I really cannot help, because it is still necessary to keep some system of rationing. The old method has been done away with; the rigid allocations have been discarded. The present method is one by which the size and number of pages is controlled—and we have adopted this new method because we feel that it is a simple variation which can be adjusted one way or the other according to the supplies available. The scheme at present in force roughly divides the newspapers into the smallest number of clearly defined classes, according to their type and price. It fixes the maximum number of pages appropriate to each class, and the advantages of that are simplicity of working, ease of adjustment, and that it enables every newspaper proprietor to see quite clearly the limits within which he and his competitors must necessarily work.
Whatever the definition adopted, I am quite sure that there will always be newspapers who say that their position is anomalous, and the two cases, cited this afternoon by the hon. and gallant Gentleman are not isolated. There are other cases, and it is because of the repercussions on others that it is thought that it would be unwise to upset this established arrangement, which has the approval of all the newspaper proprietors, whether they be medium or small as far as ownership or size of paper is concerned. The suggestion is one that we cannot accept because of the recommendations made to us.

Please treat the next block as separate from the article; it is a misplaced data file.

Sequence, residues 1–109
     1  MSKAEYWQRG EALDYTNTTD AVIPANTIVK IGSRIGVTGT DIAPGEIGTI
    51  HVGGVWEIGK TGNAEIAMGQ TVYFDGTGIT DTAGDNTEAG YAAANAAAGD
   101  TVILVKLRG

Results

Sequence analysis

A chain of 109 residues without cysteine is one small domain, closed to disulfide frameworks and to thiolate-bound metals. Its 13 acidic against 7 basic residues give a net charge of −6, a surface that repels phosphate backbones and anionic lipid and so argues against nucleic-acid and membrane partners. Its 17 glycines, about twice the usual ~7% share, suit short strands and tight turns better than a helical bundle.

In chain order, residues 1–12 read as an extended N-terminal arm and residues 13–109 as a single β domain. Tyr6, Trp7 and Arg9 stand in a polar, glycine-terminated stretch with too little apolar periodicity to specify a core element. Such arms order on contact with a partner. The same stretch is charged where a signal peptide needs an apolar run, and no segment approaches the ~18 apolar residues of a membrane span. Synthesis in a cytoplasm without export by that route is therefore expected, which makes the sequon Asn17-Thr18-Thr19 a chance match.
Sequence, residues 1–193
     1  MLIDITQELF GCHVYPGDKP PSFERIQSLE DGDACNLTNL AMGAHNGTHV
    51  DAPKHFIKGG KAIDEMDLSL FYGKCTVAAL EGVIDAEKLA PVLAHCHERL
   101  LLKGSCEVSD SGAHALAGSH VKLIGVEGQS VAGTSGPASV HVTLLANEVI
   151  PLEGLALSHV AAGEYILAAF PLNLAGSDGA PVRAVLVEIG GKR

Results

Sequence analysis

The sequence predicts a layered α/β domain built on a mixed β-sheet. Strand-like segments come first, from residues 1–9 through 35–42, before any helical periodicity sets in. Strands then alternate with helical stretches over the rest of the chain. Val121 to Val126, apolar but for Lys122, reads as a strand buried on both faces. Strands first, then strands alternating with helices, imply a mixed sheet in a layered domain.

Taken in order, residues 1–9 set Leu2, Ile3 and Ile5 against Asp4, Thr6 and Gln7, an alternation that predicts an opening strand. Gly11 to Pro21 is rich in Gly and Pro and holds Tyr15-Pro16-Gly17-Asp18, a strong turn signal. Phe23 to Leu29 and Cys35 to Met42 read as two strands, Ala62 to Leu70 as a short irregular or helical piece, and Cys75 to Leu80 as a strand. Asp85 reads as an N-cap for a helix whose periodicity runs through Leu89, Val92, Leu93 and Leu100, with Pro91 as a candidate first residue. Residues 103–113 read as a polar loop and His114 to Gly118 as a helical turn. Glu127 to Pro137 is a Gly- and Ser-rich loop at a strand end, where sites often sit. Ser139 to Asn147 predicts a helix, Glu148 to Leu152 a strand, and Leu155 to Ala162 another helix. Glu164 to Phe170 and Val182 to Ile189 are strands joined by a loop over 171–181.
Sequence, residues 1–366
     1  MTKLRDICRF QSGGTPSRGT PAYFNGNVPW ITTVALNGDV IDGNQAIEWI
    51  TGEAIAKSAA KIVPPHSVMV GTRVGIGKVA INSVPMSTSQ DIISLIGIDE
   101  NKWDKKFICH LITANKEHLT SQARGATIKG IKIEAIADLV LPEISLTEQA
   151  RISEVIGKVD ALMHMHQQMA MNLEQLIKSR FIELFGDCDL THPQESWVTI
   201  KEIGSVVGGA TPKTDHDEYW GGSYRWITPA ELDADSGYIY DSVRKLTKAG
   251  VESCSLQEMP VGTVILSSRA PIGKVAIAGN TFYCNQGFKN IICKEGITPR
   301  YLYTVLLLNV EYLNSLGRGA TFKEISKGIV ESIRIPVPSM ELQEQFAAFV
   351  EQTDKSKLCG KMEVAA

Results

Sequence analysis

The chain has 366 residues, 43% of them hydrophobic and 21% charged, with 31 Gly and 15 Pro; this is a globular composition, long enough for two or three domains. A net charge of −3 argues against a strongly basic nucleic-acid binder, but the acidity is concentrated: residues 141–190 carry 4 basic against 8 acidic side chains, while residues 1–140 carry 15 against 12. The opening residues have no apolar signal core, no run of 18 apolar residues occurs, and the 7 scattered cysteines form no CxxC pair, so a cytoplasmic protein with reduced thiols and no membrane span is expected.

In all the circumstances, much as I personally would like to help, especially in view of the very charming comments made about myself by the hon. and gallant Gentleman, and which I am sure he would have made equally about any other Minister who had been sitting in my place at this moment—we feel that we cannot influence what is necessarily a sound condition established by those best able to judge, and as the Minister responsible I must on this occasion give continued support to the Newsprint Rationing Committee.
That might be so in this case, but if there were a departure from the general rationing system it might mean a general increase in the use of paper and other materials which would be far in excess of the present supplies. This is a way of controlling our present newsprint without incurring that danger.
Surely if this small paper is using extra power and extra material those are the very things we want to save. It seems to me that this is a case when an exception could be made without in any way disturbing the present general agreement. If the newspaper proprietors and the committee through which they work with the Department recommend this, would the Department take any exception?
Changes have been made, which shows that the scheme is not rigid. This matter is within the power of the Newsprint Rationing Committee, and if they made any suggestion or came to any arrangement whereby the paper could be satisfied, then, as far as I am able to ascertain, there would be no objection by the Department.